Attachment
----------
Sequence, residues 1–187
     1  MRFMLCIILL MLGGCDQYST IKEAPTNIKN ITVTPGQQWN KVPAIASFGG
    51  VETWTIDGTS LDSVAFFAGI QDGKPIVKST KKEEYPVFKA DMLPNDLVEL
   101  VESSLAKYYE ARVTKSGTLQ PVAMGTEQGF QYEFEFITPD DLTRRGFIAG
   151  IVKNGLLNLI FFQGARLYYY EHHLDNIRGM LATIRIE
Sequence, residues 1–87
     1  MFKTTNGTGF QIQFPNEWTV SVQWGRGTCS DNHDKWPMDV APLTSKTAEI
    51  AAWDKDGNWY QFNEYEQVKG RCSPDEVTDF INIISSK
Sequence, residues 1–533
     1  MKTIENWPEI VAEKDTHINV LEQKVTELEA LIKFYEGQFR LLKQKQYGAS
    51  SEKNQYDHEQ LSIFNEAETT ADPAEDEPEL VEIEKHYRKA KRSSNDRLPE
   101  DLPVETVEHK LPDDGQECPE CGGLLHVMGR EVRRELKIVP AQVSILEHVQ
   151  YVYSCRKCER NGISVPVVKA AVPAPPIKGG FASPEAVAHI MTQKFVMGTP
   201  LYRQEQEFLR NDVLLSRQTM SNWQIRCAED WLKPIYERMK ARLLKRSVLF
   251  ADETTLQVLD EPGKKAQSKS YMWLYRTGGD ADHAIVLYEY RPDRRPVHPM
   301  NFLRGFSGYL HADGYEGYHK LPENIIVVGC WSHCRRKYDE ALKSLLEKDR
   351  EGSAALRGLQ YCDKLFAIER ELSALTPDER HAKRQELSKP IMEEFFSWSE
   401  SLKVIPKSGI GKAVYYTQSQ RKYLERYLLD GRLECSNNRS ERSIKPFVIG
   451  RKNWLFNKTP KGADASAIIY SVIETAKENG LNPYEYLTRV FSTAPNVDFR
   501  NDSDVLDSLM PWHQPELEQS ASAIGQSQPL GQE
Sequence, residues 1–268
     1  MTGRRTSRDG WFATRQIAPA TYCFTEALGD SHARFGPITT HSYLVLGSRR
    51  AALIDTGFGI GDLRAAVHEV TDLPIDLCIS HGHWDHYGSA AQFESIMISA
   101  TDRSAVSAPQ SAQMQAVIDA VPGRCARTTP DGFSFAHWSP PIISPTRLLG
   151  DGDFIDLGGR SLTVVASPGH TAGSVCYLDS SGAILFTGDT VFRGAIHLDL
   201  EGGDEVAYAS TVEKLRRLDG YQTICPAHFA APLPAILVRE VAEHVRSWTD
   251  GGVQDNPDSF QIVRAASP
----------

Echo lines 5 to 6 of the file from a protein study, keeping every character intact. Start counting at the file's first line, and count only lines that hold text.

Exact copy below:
   151  IVKNGLLNLI FFQGARLYYY EHHLDNIRGM LATIRIE
Sequence, residues 1–87